Document Type

Dissertation

Date of Degree

Spring 2013

Degree Name

PhD (Doctor of Philosophy)

Degree In

Educational Policy and Leadership Studies

First Advisor

Michael Paulsen

Second Advisor

Ernest T. Pascarella

Abstract

This study examined the effects of good teaching practices on post-baccalaureate degree aspirations using logistic regression techniques on a multi-institutional, longitudinal sample of students at four-year colleges and universities. Using College Choice and College Outcomes models as a theoretical foundation, I examined whether eight good teaching practices (non-classroom interactions with faculty, prompt feedback, frequency of interactions with faculty, teaching clarity and organization, challenging classes and high faculty expectations, frequency of higher-order exams and assignments, academic challenge and effort, and integrated ideas, information, and experiences) influenced post-baccalaureate degree aspirations at the end of four academic years, while controlling for students' background characteristics and institutional characteristics that are theoretically associated with aspirations. Using pre-test and post-test data from the Wabash National Study of Liberal Arts Education (WNS), the findings suggest that good teaching practices are positively related to undergraduate students' aspirations for graduate education. This study contributes to college outcome models by emphasizing the importance of faculty to the undergraduate experience. Finally, this study has implications for higher education policy, including practical applications for those involved with undergraduate and graduate education, including administrators, faculty, staff, and students.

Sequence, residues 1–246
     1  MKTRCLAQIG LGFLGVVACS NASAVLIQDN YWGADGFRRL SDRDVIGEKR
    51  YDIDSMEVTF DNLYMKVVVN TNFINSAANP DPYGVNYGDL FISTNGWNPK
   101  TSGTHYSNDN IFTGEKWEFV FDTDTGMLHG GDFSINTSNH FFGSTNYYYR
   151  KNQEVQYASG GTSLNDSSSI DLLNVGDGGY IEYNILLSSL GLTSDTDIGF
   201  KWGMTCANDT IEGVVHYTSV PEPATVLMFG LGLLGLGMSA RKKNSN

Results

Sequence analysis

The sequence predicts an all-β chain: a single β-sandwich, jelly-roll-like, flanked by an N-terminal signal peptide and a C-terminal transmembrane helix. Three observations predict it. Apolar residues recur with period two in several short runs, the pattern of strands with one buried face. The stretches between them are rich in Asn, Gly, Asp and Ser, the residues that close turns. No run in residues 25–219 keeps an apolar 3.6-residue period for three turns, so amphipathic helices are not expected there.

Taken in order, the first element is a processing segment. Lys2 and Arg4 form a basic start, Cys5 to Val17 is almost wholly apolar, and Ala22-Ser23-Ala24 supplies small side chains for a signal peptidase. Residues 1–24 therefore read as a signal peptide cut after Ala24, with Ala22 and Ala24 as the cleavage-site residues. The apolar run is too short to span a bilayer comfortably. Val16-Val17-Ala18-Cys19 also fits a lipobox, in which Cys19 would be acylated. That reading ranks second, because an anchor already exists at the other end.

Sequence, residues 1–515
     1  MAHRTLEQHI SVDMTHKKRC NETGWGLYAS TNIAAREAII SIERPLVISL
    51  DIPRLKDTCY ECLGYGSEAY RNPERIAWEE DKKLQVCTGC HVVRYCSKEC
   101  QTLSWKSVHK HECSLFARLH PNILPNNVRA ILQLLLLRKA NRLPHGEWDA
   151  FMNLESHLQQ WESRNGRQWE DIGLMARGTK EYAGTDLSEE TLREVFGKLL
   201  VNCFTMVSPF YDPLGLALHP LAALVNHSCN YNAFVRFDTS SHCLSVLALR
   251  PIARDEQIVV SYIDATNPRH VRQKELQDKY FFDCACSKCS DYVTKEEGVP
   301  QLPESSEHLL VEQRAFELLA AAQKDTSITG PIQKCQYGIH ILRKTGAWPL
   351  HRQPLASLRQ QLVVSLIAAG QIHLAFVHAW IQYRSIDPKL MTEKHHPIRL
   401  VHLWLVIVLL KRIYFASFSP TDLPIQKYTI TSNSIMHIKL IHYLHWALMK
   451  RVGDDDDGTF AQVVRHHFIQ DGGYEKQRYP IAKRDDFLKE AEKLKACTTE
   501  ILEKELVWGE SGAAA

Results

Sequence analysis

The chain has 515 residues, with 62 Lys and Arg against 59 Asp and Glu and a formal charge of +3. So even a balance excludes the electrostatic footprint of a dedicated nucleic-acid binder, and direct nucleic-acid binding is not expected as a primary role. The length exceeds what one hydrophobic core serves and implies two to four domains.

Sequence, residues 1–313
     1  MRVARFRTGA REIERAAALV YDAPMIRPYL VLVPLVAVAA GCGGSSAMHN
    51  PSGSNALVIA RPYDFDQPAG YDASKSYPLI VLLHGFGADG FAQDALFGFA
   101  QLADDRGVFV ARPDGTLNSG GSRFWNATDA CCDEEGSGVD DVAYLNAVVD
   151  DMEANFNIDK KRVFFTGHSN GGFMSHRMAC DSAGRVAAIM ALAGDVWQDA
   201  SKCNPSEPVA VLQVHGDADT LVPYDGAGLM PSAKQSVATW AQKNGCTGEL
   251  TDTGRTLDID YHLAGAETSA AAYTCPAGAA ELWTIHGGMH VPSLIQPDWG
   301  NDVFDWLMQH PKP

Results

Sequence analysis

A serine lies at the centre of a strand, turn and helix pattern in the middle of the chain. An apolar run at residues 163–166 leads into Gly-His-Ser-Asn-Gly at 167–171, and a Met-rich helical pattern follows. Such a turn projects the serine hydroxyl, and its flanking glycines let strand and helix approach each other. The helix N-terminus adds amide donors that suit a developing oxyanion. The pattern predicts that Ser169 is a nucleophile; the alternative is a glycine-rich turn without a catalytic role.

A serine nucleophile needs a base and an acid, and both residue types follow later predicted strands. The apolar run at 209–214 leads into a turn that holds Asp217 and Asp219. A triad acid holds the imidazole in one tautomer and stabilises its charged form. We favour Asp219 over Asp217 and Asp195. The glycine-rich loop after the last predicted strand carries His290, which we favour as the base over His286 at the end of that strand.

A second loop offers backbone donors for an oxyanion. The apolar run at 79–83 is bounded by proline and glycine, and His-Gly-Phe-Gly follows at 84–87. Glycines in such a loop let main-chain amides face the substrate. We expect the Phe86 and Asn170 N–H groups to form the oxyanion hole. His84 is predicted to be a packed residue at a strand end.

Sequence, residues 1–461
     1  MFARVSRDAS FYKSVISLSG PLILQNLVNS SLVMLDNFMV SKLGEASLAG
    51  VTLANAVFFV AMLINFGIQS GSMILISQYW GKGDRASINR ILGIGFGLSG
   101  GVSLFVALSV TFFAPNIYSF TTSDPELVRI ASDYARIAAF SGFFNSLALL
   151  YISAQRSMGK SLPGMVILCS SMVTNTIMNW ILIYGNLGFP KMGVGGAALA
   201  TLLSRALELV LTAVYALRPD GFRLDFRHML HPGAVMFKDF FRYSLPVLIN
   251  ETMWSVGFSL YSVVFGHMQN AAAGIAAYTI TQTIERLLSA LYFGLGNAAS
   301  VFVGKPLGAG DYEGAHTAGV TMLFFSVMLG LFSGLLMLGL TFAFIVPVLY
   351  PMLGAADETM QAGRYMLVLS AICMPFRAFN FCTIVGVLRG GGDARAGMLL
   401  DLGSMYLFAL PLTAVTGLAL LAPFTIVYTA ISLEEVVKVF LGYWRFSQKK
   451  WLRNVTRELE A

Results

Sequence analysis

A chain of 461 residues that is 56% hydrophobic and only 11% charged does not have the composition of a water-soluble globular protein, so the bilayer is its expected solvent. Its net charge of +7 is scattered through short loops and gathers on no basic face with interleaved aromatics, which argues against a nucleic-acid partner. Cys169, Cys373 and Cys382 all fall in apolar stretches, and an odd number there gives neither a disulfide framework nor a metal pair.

Keywords

degree aspirations, graduate school, teaching

Pages

viii, 130 pages

Bibliography

Includes bibliographical references (pages 119-130).

Copyright

Copyright 2013 Jana M Hanson

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